EricJ wrote:How does the theory of evolution relate to the mention of twenty-eight previous Buddhas within this world system, if we can prove that humans evolved and that civilization only emerged a few thousand years before the Buddha taught? Does this mean that the other Buddhas existed in other places within the world-system? Or does is this question contingent upon how "world system" is defined?


Yes, I think it is contingent on how world-system is defined. It could be one of the other (previous) formations of this planet in this world-system (perhaps solar system).

In my opinion, Buddhism is 100 percent compatible with evolution. The Aganna Sutta and Brahmajala Sutta sound very scientific and evolutionary or at least compatible with evolution. And what would be the alternative? A creation myth with a supreme being creator? The Buddha clearly rejected such notions ("no first beginning is discernible") and considered it wrong view (such as in the 62 kinds of wrong view in Digha Nikaya 1).
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Re: Another question... Buddhism and Evolution

Postby EricJ » Sun Jun 20, 2010 3:25 am

David N. Snyder wrote:Yes, I think it is contingent on how world-system is defined. It could be one of the other (previous) formations of this planet in this world-system (perhaps solar system).

In my opinion, Buddhism is 100 percent compatible with evolution. The Aganna Sutta and Brahmajala Sutta sound very scientific and evolutionary or at least compatible with evolution. And what would be the alternative? A creation myth with a supreme being creator? The Buddha clearly rejected such notions ("no first beginning is discernible") and considered it wrong view (such as in the 62 kinds of wrong view in Digha Nikaya 1).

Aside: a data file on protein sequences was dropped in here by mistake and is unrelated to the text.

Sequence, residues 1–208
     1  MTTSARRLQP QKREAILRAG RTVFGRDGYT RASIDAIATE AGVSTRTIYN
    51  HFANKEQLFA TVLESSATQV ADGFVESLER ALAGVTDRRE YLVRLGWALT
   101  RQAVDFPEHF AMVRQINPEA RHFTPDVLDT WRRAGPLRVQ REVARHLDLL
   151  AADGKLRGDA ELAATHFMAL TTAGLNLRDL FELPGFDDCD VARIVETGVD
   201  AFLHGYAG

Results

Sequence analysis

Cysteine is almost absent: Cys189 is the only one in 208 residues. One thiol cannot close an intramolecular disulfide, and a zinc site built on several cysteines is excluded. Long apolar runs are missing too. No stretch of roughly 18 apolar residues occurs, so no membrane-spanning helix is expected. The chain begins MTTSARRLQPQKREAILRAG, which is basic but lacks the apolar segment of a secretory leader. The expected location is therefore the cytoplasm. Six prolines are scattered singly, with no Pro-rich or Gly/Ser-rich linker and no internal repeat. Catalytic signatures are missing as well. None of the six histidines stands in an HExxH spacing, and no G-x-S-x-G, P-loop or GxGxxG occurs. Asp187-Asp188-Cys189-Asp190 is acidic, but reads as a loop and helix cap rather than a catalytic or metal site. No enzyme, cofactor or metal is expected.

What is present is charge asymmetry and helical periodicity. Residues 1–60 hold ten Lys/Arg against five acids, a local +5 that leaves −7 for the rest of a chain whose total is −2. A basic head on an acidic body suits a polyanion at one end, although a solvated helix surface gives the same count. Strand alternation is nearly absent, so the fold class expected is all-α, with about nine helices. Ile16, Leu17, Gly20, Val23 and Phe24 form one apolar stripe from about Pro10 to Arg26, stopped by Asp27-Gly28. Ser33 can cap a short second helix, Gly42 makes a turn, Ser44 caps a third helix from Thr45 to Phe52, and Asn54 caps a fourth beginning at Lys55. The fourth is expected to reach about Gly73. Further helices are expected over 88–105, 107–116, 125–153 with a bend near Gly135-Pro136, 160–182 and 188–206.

I myself firmly believe in evolution. I feel weird saying that because it's like saying I believe in gravity. I was just curious about the implications of evolution and findings within the social sciences on Buddhist "cosmology" and Buddhology.

I guess with a recognition of timelessness and infinity, it's not so strange to think that a planet exactly like this has come into existence over and over again.
I do not want my house to be walled in on sides and my windows to be stuffed. I want the cultures of all the lands to be blown about my house as freely as possible. But I refuse to be blown off my feet by any.- Gandhi

With persistence aroused for the highest goal's attainment, with mind unsmeared, not lazy in action, firm in effort, with steadfastness & strength arisen, wander alone like a rhinoceros.

Not neglecting seclusion, absorption, constantly living the Dhamma in line with the Dhamma, comprehending the danger in states of becoming, wander alone like a rhinoceros.
- Snp. 1.3
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Re: Another question... Buddhism and Evolution

Postby kc2dpt » Sun Jun 20, 2010 3:36 am

Personally, I find nothing incompatible with suttas like DN 27 and the theory of evolution.
- Peter